The First Clear Step

By Lama Thubten Yeshe
Kopan Monastery, Kathmandu, Nepal (Archive #443)

Lama Thubten Yeshe gave this teaching at Kopan Course No. 7, held at Kopan Monastery, Nepal, in Nov-Dec, 1974. This discourse on 14 November 1974 is one of four teachings given to new students by Lama Yeshe at the course. A lightly edited transcript was first published as a booklet by Manjushri Institute for Wisdom Culture, England, in 1977. Second edit by Nicholas Ribush in Oct. 2022 includes new material, now published in the LYWA book Knowledge-Wisdom: The Peaceful Path the Liberation.

Lama Yeshe teaching in the gompa at Kopan Monastery, Nepal, 1974. Photo: Ursula Bernis.

From Lama’s point of view, Buddhism is about you. The subject of this meditation course is not Lama—Lama is not interested in talking about Lama—the subject of this meditation course is you; this course is about you. So, learning Buddhism—learning about yourself—is that simple. It really is such a simple thing.

And Lama is not trying to be mystical, as written in some books, saying, “I am a magic Lama.” We don’t try to teach you that way. Actually, we don’t need to show you how to make magic—your mind is already magic, isn’t it? We’ve always made magic: for countless lives, and even from the time of our birth until now, we’ve been making magic, cheating ourselves. Nobody else has had to teach us—we’ve taught ourselves to cheat ourselves.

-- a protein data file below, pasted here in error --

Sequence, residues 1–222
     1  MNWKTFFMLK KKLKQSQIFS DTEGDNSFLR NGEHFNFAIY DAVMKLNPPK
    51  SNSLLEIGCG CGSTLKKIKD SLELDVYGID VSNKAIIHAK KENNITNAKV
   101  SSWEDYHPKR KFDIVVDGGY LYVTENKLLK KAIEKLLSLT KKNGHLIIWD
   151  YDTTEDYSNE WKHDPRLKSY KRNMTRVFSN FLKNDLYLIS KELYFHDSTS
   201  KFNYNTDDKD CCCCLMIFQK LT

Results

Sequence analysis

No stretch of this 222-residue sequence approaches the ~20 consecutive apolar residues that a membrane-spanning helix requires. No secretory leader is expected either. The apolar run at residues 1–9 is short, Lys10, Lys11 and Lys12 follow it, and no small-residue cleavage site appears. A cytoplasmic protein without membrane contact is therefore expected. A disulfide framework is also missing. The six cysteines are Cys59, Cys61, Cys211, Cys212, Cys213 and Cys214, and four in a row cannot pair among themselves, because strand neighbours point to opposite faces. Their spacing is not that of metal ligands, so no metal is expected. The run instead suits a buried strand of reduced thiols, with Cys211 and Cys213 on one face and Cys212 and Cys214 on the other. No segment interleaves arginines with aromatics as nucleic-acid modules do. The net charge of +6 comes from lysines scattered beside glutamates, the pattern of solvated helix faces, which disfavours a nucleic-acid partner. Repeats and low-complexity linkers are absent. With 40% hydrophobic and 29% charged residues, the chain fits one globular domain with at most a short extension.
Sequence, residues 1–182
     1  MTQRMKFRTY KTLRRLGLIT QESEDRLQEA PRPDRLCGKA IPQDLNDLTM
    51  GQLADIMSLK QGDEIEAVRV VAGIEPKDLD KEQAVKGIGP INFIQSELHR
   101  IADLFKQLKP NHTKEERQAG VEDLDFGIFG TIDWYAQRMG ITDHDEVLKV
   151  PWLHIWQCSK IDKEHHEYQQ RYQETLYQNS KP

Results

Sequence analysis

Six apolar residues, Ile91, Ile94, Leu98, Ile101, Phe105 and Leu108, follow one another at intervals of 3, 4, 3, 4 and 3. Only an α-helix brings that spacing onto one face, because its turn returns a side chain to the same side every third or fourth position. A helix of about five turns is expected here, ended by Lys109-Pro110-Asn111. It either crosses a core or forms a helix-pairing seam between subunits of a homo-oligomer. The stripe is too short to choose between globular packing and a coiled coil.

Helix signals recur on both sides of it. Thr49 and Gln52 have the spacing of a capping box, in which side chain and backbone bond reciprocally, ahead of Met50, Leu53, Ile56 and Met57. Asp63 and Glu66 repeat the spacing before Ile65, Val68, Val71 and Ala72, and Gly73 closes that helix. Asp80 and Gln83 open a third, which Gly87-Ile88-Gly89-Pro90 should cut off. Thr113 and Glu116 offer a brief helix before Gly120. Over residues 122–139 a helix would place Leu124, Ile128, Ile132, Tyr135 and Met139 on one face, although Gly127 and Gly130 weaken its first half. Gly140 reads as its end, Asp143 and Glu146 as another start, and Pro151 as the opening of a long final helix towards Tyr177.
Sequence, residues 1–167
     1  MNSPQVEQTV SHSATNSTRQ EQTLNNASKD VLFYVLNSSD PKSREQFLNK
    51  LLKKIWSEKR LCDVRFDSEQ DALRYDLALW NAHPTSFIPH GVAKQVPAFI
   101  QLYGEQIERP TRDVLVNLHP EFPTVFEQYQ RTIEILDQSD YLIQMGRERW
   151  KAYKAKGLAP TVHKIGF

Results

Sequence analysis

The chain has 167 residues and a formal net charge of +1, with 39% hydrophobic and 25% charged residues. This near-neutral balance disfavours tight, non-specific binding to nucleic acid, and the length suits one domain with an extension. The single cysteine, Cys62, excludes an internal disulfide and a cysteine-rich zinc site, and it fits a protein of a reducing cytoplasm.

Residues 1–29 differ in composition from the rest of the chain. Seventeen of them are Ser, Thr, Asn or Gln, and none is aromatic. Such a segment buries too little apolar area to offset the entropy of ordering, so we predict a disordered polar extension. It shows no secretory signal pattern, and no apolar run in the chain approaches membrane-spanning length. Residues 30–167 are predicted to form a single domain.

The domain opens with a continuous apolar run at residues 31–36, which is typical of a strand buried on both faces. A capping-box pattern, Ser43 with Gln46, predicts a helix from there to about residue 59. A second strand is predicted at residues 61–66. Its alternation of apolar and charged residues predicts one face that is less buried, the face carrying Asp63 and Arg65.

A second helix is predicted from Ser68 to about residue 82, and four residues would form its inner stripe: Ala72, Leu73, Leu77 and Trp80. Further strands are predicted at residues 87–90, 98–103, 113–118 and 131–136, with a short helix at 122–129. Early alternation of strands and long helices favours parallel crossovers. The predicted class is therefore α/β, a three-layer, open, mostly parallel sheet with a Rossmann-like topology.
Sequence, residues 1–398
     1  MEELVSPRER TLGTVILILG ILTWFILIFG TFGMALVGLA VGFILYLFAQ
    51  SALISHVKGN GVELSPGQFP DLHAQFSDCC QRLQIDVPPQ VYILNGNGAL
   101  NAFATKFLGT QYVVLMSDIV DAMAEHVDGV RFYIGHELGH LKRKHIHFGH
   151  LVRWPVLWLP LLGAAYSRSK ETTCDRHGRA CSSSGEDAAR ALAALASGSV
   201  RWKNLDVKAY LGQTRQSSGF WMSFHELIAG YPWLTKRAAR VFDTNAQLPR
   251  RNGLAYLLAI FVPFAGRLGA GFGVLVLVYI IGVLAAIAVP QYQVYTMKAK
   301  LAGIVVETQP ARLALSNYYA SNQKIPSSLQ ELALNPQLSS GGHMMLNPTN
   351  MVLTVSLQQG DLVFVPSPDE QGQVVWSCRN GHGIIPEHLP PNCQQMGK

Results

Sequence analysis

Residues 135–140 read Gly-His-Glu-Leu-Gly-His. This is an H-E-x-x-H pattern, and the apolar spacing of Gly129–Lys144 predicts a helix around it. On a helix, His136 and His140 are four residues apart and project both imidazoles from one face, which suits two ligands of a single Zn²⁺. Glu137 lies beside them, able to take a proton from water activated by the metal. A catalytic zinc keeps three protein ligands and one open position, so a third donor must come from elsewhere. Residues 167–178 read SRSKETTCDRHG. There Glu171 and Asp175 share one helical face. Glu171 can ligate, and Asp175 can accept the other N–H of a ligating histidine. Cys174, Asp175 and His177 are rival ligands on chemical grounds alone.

Our schizophrenic mind always blames others for our problems. From its point of view, “He’s causing my problems, she’s causing my problems, my parents are causing my problems, this society is causing my problems.” From Lama’s point of view, these are completely wrong conceptions; this way of thinking is schizophrenic; this is mental disease. With these wrong beliefs, misconceptions, you will never be able to solve problems.

We often think, “This is negative; that is negative.” But we have a wrong conception about what causes negativity, and the problems we experience are reactions to this wrong conception.

Therefore, you have to determine that during this meditation course you are going to realize completely that the problem is your misconceptions and that the blame definitely does not lie with others.

We always think, “He causes my problems, she causes my problems,” because our mind is not integrated. Our mind is split, so we always blame this and that. We don’t have straight understanding, right understanding, right view, right wisdom—that’s why we’re always confused. So this time you have to decide clearly what really makes you happy and joyful and your life meaningful, and what makes you unhappy, sorrowful and depressed. If you come to this conclusion then your meditation course will have been worthwhile.